Well, first Lee was born, you know. She’s the oldest. Then Wally [b. May 9, 1929]. They were all born in Menoa.

[Barbara]: Oh, Menoa! At home this time, though.

At home, yeah. And then Betty was born in Menoa. Then we went to Drexel Hill.

325 Riverview Ave, Drexel Hill, PA, n.d.  courtesy of Colin Duncan[Barbara]: What was the address there? [325 Riverview Cove, Drexel Hill, PA].

I can’t remember.

[Barbara]: You can’t remember. We tried the other day to figure that out.

I could take you to it, but I do not remember what that. . . . I think Wally asked me that the other day.

[Barbara]: Yeah, we had met that gentleman.

I cannot remember. I know that it was in Drexel Hill.

In the meantime, you know, I had met Mrs. Caley of the Caleys. Wendell and all of that Caley family and Wally were very friendly.

[Barbara]: Of course.

She was the one that introduced me to the Aldan Union Church [7 East Providence Road, Aldan, PA 19018]. Wayland Baptist Church, 11603 South Wayland Road, Meadville, PA 16335We didn’t go to that Wayland Baptist Church [11603 South Wayland Road, Meadville, PA 16335] very long because we moved away, see? So then I went to the Aldan Union Church and that is where we really found the Lord, you know. I can’t remember exactly, but I do think that that’s where I was saved. It was in the Aldan Union Church.

[Barbara]: That’s a story, yeah. Mrs. Caley worked on you for a time, didn’t she?

Oh, yeah, she worked. Every time I’d come out the door, it seemed like she was standing there waiting for me because she kept wanting me to go over to that church. Before that, you know, my husband was a Baptist and he wanted me to go to the Baptist church. Well, I went to the Baptist church but it was so uninteresting to me. It was so cold in that church as far as people were concerned.

[Barbara]: Now by this time, you had a growing family. You had what, three children? Four children?

Four children, yeah?

[Barbara]: You had four children.

Aldan Union Church, 7 East Providence Road, Aldan, PA 19018Anyway, we all went over to the U and I never was sorry. That was the most glorious church. That’s really where I found the lord in all his glory. I tell you I almost lived in that church. It was because my husband was away, you know.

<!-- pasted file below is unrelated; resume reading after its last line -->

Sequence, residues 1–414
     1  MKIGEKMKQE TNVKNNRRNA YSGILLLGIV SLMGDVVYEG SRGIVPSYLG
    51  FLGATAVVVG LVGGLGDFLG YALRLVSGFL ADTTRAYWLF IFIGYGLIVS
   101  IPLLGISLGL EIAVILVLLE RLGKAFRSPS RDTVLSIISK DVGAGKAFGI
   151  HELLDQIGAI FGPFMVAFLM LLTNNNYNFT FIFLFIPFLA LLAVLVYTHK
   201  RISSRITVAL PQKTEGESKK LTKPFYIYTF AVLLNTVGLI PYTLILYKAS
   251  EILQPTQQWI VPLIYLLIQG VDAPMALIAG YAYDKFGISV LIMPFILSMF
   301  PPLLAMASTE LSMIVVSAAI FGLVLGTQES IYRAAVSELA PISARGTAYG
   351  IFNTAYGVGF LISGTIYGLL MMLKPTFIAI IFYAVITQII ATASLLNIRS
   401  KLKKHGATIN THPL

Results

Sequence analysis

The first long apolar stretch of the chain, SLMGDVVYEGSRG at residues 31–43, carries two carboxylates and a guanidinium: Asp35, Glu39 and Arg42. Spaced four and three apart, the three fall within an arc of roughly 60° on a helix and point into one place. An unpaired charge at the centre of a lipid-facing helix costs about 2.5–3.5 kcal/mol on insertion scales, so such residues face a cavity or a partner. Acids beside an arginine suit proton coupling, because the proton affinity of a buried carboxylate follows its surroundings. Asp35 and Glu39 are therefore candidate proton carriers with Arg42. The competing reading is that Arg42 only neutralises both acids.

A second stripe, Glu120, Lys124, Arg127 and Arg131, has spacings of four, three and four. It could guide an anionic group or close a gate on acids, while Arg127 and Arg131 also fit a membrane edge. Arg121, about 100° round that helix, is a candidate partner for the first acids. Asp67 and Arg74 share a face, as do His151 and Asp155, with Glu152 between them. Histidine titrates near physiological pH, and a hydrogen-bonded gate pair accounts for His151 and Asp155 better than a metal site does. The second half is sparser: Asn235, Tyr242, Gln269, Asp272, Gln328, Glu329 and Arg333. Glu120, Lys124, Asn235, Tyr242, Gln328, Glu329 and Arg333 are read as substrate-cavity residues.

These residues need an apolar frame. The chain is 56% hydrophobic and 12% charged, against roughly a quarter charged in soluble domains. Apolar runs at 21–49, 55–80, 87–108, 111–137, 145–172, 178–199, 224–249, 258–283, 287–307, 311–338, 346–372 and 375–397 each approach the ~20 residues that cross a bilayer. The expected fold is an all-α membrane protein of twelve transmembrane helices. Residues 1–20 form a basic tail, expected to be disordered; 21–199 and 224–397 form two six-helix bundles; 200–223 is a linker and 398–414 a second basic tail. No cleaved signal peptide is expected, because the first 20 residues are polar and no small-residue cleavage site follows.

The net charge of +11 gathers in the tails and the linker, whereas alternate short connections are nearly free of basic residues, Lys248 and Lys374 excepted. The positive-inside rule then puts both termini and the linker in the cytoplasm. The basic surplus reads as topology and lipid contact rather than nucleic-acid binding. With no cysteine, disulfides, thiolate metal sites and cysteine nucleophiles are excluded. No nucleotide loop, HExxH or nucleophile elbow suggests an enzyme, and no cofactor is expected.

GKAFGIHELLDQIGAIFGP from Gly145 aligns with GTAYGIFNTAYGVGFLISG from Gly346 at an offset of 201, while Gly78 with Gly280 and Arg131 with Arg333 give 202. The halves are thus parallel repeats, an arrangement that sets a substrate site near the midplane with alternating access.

[Barbara]: Tell me how you met the Lord. You probably want to put that down. That’s probably one of the best stories you have.

How I met the Lord?

[Barbara]: Yeah.

Well, he gave the invitation. We went into the Sunday; no, it was the daily vacation Bible school. We were all assembled together in this outer room. He said, “Is there anybody would like to give their heart to the Lord?” or something. I don’t know how he put it. Anyway, I was so thrilled. I can never tell you the way the Lord spoke to me about becoming his child. Here I thought I’d been saved many times before. In Washington and so on, I went to the church. Many times I thought I was accepting him, but this was a real acceptance under Mr. Dean. His name was Mr. William Allan Dean.

He gave this invitation: “Wouldn’t you like to accept the Lord as your savior?” I raised my hand and almost in a trance, I walked forward. I just took more courage than you have any idea. Here I was an old Episcopalian. They don’t do it that way, you know. When you got to be twelve years old, you got confirmed and that’s when you really was supposed to accept the Lord.

Anyway, that was the beginning of my interest. I always say I have to thank Mrs. Nell Caley for my salvation. She never left me alone. She was bound I was going to go over to that church. The funny part of it was they didn’t stay in that church very long themselves. They left me there, not having her to talk to me or anything. I just considered that the Lord called me and I accepted him wholeheartedly at that time. So that was the beginning of my interest in things Christian.

[Barbara]: Now the Caleys were still in Philadelphia. They didn’t move away, did they?

They lived in Philadelphia, but they were the kind of people that were always having some kind of an altercation with somebody, you know. If you knew Mrs. Caley, . . . did you ever meet her?

[Barbara]: No.

She’s a redhead. I love her to death because she really was the one that introduced me to the Lord. But she is not easy to get along with.

[Barbara]: Oh, so they stayed in the neighborhood, but they just left the church.

Yeah. That’s right.

[Barbara]: Because I know Wally has a lot of nice stories about growing up with them.

Yeah. That is a good family, beautiful family. Not the father.

partial transcription of Virginia’s life story as told to Barbara Duncan (Wally’s wife) in the summer of 1987, courtesy of Barbara Duncan

Can you add to the story? Please do. Write in the box below. (You may need to click “Leave a Reply” above to make the box, name, and address fields appear.)

•   Who else bears the “Lee” in their names? Virginia? Anyone else? What do you recall of being given that name?
•   Virginia says that she was pregnant with Lee six months after their marriage, but that would have Lee born in October of 1926, not 1927. Also, I have two different days for Virginia’s marriage, though I believe 7/26 to be accurate. Can someone confirm Taylor and Virginia’s marriage date and someone confirm Lee’s birthdate, just so I can be sure? Thanks.
•   Did you ever meet Mrs. Caley? Dad? Betty? Lee? What do you recall of her demeanor?
•   Do you recall the circumstances of the Caley’s leaving Alden Union Church?
•   Virginia ends on an ominous note about Mr. Caley. What do you recall of him?